What are some of the causes for the loss of biodiversity in Micronesia? Describe at least one of the endemic species (either plant or animal) that is under threat due to habitat loss or degradation.
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It is apparent that life is changing for the people in Micronesia as shown by the fact that fishermen have been recording lower levels of fish caught daily. It is apparent that the number of fish in the region has been on an exponentially decreasing trend that has led to many people facing uncertainty in their livelihood because the fish has been their main source of income and food. It is also apparent that the quality of the water has been compromised over the years. The people in the region claim that the water used to be clear, but it has turned into brown and green, and some of the regions are filled with silt, resulting in muddy beaches that can no longer support aquatic fauna and flora (Musburger, 2011).
The region has also been facing an increase in the sea level, which has resulted in some of the islands being submerged in water. The people have been forced to move further inland where the terrain is higher than the sea line, which is quickly shifting inward. This means that in the future, the people living in Micronesia will have to move to other parts of the world when their homes get submerged in the water (Musburger, 2011). Additionally, the fertile lands for agriculture are also being submerged in the water, and the harsh weather patterns are also making farming an unreliable source of water in the region. This implies that people in Micronesia will soon face famine and various health issues.
A biodiversity hotspot is a region associated with a high level of biodiversity and a high level of threat from destruction. Micronesia meets these characteristics because it is home to thousands of plant and animal species, whose existence is threatened by the climatic changes in the region. Most of the habitat is being destroyed by the changes in weather patterns and other environmental changes. The rise in sea level has seen the destruction of most of the land where animals and plants live. One of the endemic species in the region is 11 species of bats that are only found in the islands.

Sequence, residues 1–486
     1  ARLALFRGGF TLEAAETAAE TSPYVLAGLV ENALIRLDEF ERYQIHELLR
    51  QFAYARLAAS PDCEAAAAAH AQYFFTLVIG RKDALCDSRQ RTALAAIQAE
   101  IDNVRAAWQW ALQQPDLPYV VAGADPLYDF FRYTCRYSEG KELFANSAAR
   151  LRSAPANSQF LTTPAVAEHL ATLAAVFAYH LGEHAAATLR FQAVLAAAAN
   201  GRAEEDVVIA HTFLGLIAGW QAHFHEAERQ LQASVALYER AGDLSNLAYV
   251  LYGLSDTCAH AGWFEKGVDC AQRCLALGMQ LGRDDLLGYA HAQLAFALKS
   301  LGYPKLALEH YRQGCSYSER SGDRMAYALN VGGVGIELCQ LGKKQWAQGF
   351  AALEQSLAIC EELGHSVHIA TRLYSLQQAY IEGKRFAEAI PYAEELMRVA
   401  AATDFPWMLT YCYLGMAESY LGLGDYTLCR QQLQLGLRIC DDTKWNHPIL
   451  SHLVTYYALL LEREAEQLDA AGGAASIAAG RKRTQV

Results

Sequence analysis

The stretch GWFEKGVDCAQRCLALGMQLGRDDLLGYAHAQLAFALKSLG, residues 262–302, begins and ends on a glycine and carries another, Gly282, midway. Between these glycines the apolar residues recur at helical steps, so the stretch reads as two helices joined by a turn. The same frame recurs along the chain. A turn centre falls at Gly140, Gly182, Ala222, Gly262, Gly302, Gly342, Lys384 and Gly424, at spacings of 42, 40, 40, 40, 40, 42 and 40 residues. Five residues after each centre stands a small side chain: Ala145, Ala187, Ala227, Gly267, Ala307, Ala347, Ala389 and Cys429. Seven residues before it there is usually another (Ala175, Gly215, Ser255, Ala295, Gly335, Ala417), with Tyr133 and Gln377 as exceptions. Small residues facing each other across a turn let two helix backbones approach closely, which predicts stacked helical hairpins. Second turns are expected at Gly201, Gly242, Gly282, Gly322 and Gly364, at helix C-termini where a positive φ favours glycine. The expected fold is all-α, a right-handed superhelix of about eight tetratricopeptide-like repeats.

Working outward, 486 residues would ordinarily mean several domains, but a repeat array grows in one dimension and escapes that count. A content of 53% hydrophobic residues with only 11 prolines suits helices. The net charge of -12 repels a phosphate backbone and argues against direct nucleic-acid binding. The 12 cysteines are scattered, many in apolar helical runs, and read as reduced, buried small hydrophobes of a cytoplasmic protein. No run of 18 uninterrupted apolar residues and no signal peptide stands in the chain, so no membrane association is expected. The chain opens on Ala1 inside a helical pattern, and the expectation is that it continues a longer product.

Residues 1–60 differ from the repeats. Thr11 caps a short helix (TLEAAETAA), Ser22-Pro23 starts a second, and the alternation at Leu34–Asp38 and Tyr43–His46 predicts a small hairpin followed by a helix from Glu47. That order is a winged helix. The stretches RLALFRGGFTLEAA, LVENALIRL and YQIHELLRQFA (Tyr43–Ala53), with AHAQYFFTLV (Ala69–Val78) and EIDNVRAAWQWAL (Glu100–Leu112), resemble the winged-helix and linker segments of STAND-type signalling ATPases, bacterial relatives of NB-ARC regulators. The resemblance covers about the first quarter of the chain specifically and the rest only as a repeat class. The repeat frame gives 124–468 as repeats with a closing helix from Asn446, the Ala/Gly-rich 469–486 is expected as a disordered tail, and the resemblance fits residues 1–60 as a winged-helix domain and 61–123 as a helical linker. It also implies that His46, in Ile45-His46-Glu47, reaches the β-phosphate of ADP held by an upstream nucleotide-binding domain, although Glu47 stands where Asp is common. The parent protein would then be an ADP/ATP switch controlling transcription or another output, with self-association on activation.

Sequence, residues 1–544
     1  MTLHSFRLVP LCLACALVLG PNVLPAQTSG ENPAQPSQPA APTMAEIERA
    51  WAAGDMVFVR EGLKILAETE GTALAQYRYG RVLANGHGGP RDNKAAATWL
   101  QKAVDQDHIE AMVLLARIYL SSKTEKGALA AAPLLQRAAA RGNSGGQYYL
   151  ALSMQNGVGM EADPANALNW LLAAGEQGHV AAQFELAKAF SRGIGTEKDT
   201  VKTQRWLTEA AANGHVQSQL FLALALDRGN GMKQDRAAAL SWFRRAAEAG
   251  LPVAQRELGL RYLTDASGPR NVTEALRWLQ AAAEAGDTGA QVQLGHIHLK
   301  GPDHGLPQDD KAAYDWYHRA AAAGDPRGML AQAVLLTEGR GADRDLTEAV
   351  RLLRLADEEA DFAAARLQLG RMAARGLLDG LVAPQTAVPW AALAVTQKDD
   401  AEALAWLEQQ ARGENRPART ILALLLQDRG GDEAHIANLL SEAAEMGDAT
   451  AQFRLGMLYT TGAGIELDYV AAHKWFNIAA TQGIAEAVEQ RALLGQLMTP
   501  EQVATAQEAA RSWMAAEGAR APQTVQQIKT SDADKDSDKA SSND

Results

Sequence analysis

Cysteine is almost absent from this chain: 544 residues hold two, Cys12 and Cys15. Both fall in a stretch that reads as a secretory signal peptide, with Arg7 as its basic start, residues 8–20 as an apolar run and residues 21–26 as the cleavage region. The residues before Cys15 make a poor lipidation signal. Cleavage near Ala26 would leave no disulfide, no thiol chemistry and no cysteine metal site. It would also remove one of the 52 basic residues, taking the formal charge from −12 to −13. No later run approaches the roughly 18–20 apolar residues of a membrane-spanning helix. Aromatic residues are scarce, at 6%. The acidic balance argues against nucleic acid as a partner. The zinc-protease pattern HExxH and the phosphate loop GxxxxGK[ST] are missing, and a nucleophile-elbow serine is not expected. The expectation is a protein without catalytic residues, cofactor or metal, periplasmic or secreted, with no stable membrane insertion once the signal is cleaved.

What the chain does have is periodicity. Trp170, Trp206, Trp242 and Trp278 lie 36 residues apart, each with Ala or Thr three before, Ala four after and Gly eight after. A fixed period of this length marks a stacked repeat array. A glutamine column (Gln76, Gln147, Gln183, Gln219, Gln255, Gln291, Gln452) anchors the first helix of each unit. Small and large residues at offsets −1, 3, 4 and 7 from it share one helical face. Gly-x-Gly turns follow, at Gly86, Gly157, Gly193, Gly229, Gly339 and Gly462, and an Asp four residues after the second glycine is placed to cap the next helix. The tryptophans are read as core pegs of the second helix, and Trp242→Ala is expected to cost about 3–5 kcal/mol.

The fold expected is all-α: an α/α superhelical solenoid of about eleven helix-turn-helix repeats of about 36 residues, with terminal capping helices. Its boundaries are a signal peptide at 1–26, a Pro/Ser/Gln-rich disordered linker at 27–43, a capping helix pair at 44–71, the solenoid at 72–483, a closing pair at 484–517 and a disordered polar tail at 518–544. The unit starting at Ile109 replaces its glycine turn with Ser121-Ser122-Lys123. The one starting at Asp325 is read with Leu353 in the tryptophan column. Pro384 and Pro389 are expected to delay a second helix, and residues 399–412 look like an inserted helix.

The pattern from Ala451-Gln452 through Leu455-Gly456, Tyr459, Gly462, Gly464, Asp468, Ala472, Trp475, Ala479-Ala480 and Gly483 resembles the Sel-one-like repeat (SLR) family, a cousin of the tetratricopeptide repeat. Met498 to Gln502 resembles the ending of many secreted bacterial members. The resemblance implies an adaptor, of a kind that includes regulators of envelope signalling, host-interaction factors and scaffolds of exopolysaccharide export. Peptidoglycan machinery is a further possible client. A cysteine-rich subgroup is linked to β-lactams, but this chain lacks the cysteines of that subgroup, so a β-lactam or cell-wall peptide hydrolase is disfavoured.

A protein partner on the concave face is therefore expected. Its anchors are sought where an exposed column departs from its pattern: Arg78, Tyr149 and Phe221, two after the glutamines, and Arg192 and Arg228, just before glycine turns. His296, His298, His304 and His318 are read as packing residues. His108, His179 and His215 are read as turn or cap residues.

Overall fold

What is the driving force behind the destruction of the elephant population? What other animal trades are mentioned on the World Wildlife site? Choose one to research further and describe the market demand for the product related to the animal at risk. Are any regulations in place? How are these regulations enforced?
The driving force for the destruction of elephants is the ivory trade (Hearts and minds, 2016). The world has also seen an increase in the trade of wildlife as pets and their various body parts are sold to people for various purposes, including the production of ornaments and leather. Trading wild animal skins and fur has been rampant over the past decade; thus, prompting the global society to develop policies that limit the trade of illegal wildlife products in the developed nations (Sliwinski, 2015). The nations across the world collaborate in ensuring that only individuals with permits to sell the products conduct the business (Illegal wildlife trade, 2016). Wildlife conservation agencies are also involved in protecting endangered animals.
What are some possible solutions to the overpopulation of deer in the eastern forests? How could you monitor your proposed solutions in order to ensure success?
The number of deer in the forest has increased dramatically because of the lack of predators in the region to feed on the deer as natural population control. While hunters could control the population of deer in the region, regulations compelled them to refrain from killing the animals as more people advocated for the conservation of wildlife (Hamill, 2015). The deer population has affected the local community by crashing in their homesteads and compromising the survival of shrubs and other vegetation in the region (Pursell, Weldy, & White, 2013). The most feasible solution to the problem is to cull the deer to a manageable number. This should be implemented through licensed hunters.
Hamill, J. (2015). Controversial plan to manage the deer population. Web.
Illegal wildlife trade. (2016). Web.
Musburger, C. (2011). Micronesia’s changing climate. Web.
Pursell, A., Weldy, T., & White, M. (2013). Too many deer: A bigger threat to eastern forests than climate change? Web.
Sliwinski, M. (2015). Lions and tigers and bears: Inside the exotic animal trade. Web.